This fascinating insight into the relationship between George H.W. Bush otherwise known as 41 and George W. Bush otherwise known as 43 is inspiring. It shows you that while both I may disagree with them politically. However as gentleman and as humans are exceedingly decent men. Men who made exceedingly difficult decisions that were not always popular but what they thought necessary. It shows a Bush family that is tight knit and that love each other deeply without fear of emotion. Loyalty to the This fascinating insight into the relationship between George H.W. Bush otherwise known as 41 and George W. Bush otherwise known as 43 is inspiring. It shows you that while both I may disagree with them politically. However as gentleman and as humans are exceedingly decent men. Men who made exceedingly difficult decisions that were not always popular but what they thought necessary. It shows a Bush family that is tight knit and that love each other deeply without fear of emotion. Loyalty to the family is important to them. George H.W. Bush was and still is a beacon of civility, character and strength including accomplishments as president. 43 is tougher to say about his accomplishments, but as a man he is humble and honorable. In addition, his paintings are quite good. I never will forget his response after 9/11. It was his finest hour. I also will remember that 41 was the one that signed the Americans with Disabilities Act that provided relief for me and many others like me. Overall, whether you love them or hate them both, these men are not only worthy of respect and recognition , the family will be talked about in political history for many years to come.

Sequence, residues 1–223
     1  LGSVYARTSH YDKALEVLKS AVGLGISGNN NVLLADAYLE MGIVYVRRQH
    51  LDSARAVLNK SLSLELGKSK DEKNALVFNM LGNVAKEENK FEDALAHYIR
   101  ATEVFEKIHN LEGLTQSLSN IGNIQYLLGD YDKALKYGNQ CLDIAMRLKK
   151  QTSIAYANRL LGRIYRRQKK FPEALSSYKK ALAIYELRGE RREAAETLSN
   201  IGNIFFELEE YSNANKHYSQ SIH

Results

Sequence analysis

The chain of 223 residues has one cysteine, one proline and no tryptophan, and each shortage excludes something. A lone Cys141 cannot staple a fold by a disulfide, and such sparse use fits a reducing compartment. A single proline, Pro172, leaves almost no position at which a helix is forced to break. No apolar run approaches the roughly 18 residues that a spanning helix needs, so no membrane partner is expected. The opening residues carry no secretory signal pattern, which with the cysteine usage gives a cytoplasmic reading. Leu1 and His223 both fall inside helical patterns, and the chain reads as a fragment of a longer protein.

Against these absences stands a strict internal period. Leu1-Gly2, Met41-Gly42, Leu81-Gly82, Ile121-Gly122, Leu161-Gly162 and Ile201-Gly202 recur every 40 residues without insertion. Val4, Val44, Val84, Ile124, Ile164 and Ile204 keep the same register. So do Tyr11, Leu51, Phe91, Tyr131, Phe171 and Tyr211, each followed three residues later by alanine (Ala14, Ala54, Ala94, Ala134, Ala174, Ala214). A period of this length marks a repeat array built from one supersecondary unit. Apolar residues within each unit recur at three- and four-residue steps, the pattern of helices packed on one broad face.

more
  • Ryan K. Callender
    January 1, 1970
    Two stars because of the stale content...nothing to do with my personal politics. I've read several books about both men, this book contains nothing new. In fact, it should be advertised as a summary of the Meacham book on H.W. and Decision Points (W's "memoir"). Despite its title, it has very little to do with explaining why these two men are/were the "last republicans." The title is dubious and the content is stale. Very disappointing. However, if you haven't read anything on either of these m Two stars because of the stale content...nothing to do with my personal politics. I've read several books about both men, this book contains nothing new. In fact, it should be advertised as a summary of the Meacham book on H.W. and Decision Points (W's "memoir"). Despite its title, it has very little to do with explaining why these two men are/were the "last republicans." The title is dubious and the content is stale. Very disappointing. However, if you haven't read anything on either of these men, I suppose it might be worth your while to read this book.
    more
  • Ray
    January 1, 1970